The U.S. Citizenship and Immigration Services (USCIS) announced Friday it will temporarily suspend in-person services at all field offices, asylum offices, and application support centers on Inauguration Day and one day prior, citing safety reasons.
USCIS said in a news release that the closures will take place on Jan. 19 and 20 “to ensure the safety of our employees and for individuals with appointments” for these days. People with appointments scheduled for the two days were urged to contact USCIS to reschedule.
Already, no USCIS offices are accepting walk-in visits, with scheduled appointments only being admitted at this time.
The USCIS did not provide any details regarding the safety issue that prompted the decision to close offices around Inauguration Day, but the announcement comes one day after the release of a joint security bulletin from the Department of Homeland Security, FBI, and eight other agencies, noting an elevated security risk following the Jan. 6 storming of the U.S. Capitol.
The bulletin, which was obtained and reported on by several news outlets (pdf), indicates that “domestic violent extremists” pose the most likely threat to the presidential inauguration, especially by “those who believe the incoming administration is illegitimate.”
“In light of the storming of the U.S. Capitol on 6 January, planned events in Washington, D.C., in the lead up to and day of Inauguration Day offer continued opportunities for violence targeting public officials, government buildings, and federal and local law enforcement,” the assessment reads.
Also on Thursday, FBI Director Chris Wray said during a security briefing that the bureau was monitoring an “extensive amount of concerning online chatter” related to potential threats leading up to the presidential inauguration.
Wray said that his department was assessing incoming leads about calls for armed protests, potential threats linked to the Jan. 6 U.S. Capitol breach, as well as other types of potential threats.
“When we talk about potential threats, we are seeing an extensive amount of concerning online chatter—that’s the best way I can describe it—about a number of events surrounding the inauguration and, together with our partners, we evaluate those threats and what kind of resources to employ against them. Right now, we’re tracking calls for potential armed protests and activity leading up to the inauguration,” Wray told Vice President Mike Pence during a briefing on security for the inauguration.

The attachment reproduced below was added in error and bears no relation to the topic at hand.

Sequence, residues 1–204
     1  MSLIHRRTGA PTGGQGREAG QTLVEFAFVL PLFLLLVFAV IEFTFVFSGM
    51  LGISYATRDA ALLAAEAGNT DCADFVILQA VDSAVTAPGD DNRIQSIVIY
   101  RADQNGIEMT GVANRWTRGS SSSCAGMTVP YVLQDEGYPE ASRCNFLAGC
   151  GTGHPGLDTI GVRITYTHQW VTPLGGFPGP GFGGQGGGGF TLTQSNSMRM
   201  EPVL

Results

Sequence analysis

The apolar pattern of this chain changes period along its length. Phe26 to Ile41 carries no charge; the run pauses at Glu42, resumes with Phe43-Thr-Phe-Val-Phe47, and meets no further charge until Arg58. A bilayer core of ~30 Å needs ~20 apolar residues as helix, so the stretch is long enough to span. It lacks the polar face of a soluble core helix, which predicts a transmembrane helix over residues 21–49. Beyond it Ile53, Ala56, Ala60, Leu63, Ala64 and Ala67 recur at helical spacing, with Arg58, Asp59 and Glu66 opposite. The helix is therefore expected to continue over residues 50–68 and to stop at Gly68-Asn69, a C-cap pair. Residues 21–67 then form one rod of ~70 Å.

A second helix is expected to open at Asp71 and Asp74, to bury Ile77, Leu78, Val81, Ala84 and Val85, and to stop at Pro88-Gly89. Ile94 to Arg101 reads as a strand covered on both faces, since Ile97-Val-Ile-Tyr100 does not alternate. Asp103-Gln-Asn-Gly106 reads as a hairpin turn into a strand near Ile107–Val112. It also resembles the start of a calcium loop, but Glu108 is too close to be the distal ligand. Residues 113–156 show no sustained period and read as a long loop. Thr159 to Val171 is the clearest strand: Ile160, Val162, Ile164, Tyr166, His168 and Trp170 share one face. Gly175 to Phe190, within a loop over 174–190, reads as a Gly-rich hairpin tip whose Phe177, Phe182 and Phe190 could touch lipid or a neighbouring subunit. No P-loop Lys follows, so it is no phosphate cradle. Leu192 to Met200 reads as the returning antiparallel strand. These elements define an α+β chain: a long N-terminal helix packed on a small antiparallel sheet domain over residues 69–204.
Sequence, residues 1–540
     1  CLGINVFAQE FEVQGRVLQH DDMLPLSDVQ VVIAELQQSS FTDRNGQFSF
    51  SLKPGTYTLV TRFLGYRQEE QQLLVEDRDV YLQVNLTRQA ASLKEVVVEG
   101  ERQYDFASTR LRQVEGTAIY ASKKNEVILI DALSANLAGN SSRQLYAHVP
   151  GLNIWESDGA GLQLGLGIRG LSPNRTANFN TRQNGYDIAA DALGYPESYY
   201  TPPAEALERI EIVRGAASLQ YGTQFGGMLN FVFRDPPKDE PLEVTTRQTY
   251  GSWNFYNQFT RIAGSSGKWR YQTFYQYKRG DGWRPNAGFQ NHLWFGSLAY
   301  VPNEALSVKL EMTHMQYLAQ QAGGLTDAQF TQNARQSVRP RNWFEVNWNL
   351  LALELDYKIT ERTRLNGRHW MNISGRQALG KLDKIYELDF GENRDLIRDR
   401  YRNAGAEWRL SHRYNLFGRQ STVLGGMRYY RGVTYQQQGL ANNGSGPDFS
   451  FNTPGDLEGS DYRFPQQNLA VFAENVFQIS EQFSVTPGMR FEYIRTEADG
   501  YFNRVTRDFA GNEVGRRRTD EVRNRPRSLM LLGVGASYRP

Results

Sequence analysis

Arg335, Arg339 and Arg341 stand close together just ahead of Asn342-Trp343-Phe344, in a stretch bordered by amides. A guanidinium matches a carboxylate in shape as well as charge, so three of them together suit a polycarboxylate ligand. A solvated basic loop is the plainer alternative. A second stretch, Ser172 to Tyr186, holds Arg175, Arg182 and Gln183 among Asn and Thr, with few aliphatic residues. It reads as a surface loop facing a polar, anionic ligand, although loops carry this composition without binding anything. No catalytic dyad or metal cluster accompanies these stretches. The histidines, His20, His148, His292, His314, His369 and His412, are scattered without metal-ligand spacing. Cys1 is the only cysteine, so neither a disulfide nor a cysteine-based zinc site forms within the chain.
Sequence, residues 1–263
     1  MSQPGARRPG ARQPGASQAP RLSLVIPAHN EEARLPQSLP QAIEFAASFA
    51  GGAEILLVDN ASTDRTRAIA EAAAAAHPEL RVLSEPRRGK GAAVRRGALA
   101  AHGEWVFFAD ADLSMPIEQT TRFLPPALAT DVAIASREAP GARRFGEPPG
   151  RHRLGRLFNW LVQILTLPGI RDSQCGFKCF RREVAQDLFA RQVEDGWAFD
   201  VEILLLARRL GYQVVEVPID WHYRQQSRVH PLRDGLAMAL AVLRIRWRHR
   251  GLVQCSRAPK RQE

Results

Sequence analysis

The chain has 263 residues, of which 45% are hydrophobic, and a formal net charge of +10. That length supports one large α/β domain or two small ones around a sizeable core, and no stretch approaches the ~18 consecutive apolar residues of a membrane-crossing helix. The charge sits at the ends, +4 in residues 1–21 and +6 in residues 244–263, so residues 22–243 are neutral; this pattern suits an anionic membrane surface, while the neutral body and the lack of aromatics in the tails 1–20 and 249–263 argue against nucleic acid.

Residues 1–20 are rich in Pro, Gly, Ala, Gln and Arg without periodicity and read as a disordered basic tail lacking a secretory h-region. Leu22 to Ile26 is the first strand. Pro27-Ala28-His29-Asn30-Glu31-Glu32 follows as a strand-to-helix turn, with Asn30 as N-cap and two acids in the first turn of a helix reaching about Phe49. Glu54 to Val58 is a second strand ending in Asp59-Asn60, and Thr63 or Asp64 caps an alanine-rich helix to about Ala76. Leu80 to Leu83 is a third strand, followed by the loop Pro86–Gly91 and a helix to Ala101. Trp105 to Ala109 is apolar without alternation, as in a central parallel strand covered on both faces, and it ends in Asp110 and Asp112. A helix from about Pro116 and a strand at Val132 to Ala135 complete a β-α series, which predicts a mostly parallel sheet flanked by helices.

“The reason I use the word potential is one of the real challenges in this space is trying to distinguish what’s aspirational versus what’s intentional. We’re concerned about the potential for violence at multiple protests and rallies planned here in D.C. and in state capitols around the country in the days that come that could bring armed individuals within close proximity to government facilities and officials,” Wray added.
Responding to warnings of potentially violent demonstrations, governors across the nation are calling out National Guard troops, declaring states of emergency, and closing their capitols to the public ahead of the inauguration.
Uncertainty heading into the weekend was a common theme among state officials and law enforcement officers, with many enhancing security based on past demonstrations or general warnings but without specific expectations about whether any protesters would actually show up outside state capitol buildings or other government offices in coming days.